Sunday, 19 July 2015

Human Rights Watch asks Obama to force Buhari to endorse gay rights.

Ahead of President Muhammadu Buhari’s visit to the United States, Human Rights Watch has written to US president Barack Obama asking him to discuss violence and corruption in Nigeria and make Buhari endorse gay rights as issues Nigeria must address.
In a letter dated July 15, 2015 signed by its Executive Director, Kenneth Roth, the international rights organisation told Obama that Buhari’s visit offered an opportunity to re-evaluate US-Nigeria partnership, while asking him to address the three issues and “speak publicly about them.”

“During his inauguration speech, Buhari said “[w]e shall overhaul the rules of engagement to avoid human rights violations in operations. We shall improve operational and legal mechanisms so that disciplinary steps are taken against proven human rights violations by the Armed Forces.” We urge you to build on this commitment by encouraging the development of clear and public rules of engagement, based on respect for human rights, under which every member of the security forces is expected to operate.
“We also urge you to press Buhari to immediately suspend any member of Nigeria’s security forces, including senior officers, where there is credible evidence of their involvement in serious human rights abuses, and investigate and prosecute them in accordance with international fair trial standards. As part of his efforts at security sector reform, it is likely Buhari will request increased US and international support for Nigeria’s counter offensive against Boko Haram and for its security and police forces. If security assistance is increased, we urge you to set clear benchmarks that ensure respect for human rights.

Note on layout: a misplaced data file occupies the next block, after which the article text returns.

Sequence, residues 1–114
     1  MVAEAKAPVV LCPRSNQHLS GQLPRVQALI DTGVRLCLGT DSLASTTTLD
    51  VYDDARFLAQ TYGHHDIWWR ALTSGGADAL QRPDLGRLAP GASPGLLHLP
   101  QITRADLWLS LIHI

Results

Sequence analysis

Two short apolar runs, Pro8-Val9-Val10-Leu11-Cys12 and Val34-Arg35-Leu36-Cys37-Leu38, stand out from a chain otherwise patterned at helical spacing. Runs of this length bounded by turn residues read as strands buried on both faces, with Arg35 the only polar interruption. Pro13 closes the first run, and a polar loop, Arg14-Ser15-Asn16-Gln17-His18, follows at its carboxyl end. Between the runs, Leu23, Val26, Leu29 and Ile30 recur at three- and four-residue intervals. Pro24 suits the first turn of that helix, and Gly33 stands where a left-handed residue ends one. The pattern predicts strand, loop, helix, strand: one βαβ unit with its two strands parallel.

“Finally, psycho-social care for all victims of the northeast conflict is rightly a priority for your administration. We encourage you to continue your strong support in this area and urge Buhari to develop a detailed plan to ensure the basic rights of all victims, including medical and mental health services, as well as education for school-aged victims in displaced persons camps and host communities.

Corruption and weak governance
 “Corruption and weak governance mean that Nigeria’s tremendous oil wealth, which could have been used to improve the lives of ordinary Nigerians, continues to be squandered and siphoned off by the governing elite, leaving poverty, malnutrition, and mortality rates among the worst in the world. These problems are most acute in the North – the country’s poorest region – but also in the resource-rich Niger Delta where widespread poverty and unemployment, exacerbated by environmental degradation and corruption, have created popular unrest and facilitated the growth of extremist groups.

Sexual Orientation and Gender Identity
“In a country where LGBT rights were already under threat, the Same-Sex Marriage (Prohibition) Law, which President Goodluck Jonathan ratified in January 2014, has entrenched discrimination even further. The new law criminalizes public displays of affection between same-sex couples and penalizes organizations advocating for the rights of LGBT people. The law could inhibit the right to health by criminalizing outreach to LGBT groups. The vaguely worded law contradicts Nigeria’s Constitution, as well as its obligations under regional and international human rights treaties, including the African Charter on Human and Peoples’ Rights and the International Covenant on Civil and Political Rights. Given the high priority your administration has assigned to LGBT issues, we urge you to call on Buhari to repeal the Same-Sex Marriage (Prohibition) Bill.

1 comment:

  1. That's the reason behind the preferential treatment.